I'm a journalist covering biomedical news and policy for Nature magazine. Previously at Science and New Scientist.
Components of a fragile, multi-ton, one-of-a-kind camera have begun making the trek from the windswept Illinois prairie to the barren mountaintop of Cerro Tololo in the Chilean Andes.
Fermilab’s iconic Cockcroft-Waltons are on their last mission. In 2012, the elephantine generators will join the cyclotron magnet in the annals of accelerator history. This will make room for a top-of-the-line system only a few yards in length.
Scotch tape won’t fix a broken bone, but it might be able to tell you that the bone is broken. Physicist Tim Koeth is working to figure out how this humble office supply creates X-rays as it unrolls and what you could do with them.
For the Japanese samurai, the long-bladed katana sword embodied honor and the prestige of their warrior class. For Jon Kellar, metallurgical engineering professor at South Dakota School of Mines and Technology, it embodies a perfect design project for his students.
When it comes to detecting neutrinos or particles of dark matter, four noble elements--helium, neon, argon, and xenon--stand out for their standoffishness.
In 2008, Fermilab particle astrophysicist Craig Hogan made waves with a mind-boggling proposition: The 3D universe in which we appear to live is no more than a hologram. Now he is building the most precise clock of all time to directly measure whether our reality is an illusion.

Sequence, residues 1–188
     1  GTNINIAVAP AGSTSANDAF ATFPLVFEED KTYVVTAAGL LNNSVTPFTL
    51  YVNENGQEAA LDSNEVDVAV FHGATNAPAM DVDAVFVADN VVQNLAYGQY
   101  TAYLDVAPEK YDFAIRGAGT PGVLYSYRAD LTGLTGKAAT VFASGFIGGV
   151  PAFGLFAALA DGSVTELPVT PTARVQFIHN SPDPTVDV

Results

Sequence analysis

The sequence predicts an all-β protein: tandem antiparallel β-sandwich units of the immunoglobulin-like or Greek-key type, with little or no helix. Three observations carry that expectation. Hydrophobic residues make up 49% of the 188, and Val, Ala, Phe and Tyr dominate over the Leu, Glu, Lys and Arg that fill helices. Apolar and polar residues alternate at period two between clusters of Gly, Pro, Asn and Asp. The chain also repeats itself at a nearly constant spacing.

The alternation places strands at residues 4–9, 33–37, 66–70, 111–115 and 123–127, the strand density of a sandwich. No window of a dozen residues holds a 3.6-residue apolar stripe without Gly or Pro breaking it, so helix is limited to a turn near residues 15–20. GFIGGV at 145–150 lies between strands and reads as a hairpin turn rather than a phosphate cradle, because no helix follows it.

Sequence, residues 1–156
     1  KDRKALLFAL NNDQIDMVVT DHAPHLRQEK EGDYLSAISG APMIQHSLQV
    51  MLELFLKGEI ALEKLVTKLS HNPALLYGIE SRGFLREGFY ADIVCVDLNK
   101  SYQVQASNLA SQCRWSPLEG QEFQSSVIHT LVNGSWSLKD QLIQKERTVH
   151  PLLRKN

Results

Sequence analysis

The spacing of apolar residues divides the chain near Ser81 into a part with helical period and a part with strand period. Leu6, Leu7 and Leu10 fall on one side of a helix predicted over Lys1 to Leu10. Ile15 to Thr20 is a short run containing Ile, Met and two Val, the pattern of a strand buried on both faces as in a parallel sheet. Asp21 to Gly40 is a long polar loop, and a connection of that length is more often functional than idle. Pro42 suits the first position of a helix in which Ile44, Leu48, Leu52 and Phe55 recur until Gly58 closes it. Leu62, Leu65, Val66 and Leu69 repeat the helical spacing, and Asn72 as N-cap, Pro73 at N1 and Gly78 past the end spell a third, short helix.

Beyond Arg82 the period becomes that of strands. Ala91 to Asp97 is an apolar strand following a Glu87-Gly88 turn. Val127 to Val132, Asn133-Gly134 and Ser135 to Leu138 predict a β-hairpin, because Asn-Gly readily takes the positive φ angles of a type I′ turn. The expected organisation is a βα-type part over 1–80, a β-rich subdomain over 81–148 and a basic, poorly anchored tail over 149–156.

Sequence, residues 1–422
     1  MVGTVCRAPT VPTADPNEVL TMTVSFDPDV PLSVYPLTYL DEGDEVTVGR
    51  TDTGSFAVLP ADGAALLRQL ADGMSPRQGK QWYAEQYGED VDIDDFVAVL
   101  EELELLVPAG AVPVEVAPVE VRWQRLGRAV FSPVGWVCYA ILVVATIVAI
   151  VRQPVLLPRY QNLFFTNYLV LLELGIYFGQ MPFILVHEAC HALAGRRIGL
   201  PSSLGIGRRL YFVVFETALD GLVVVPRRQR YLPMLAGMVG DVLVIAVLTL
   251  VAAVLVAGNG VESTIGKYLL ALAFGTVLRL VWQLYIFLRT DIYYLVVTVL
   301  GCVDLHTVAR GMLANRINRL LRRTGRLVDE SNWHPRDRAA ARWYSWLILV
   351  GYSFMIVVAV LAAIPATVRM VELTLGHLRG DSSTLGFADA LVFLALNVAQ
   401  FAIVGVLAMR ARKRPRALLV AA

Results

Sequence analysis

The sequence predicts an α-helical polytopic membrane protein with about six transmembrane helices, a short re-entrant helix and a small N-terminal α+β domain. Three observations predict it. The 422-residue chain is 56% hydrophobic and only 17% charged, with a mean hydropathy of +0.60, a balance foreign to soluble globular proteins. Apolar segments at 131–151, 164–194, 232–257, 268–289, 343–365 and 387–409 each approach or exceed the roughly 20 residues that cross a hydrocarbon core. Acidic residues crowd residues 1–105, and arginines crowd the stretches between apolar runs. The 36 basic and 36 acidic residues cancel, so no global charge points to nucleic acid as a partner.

on the cover Physics, architecture and nature intersect at the Garden of Cosmic Speculation in Scotland, created by noted architect and designer Charles Jencks (see Gallery). As our cover shows, it’s also a place where creative people from physics and the arts intersect. From left: Rolf Heuer, director general of the European particle physics laboratory, CERN; Peter Higgs, theoretical physicist and co-inventor of the Higgs boson; and Charles Jencks. masthead Editor-in-Chief David Harris Deputy Editor Glennda Chui
From ATLAS to Antarctica, photographer Stanley Greenberg has travelled the world in a high-energy treasure hunt for the shapes of physics. In a book of photographs to be published next year, Greenberg will show the results of his five-year photography tour of detectors and accelerators across the United States, Canada, Switzerland, Germany, Italy, Argentina, Japan and Antarctica.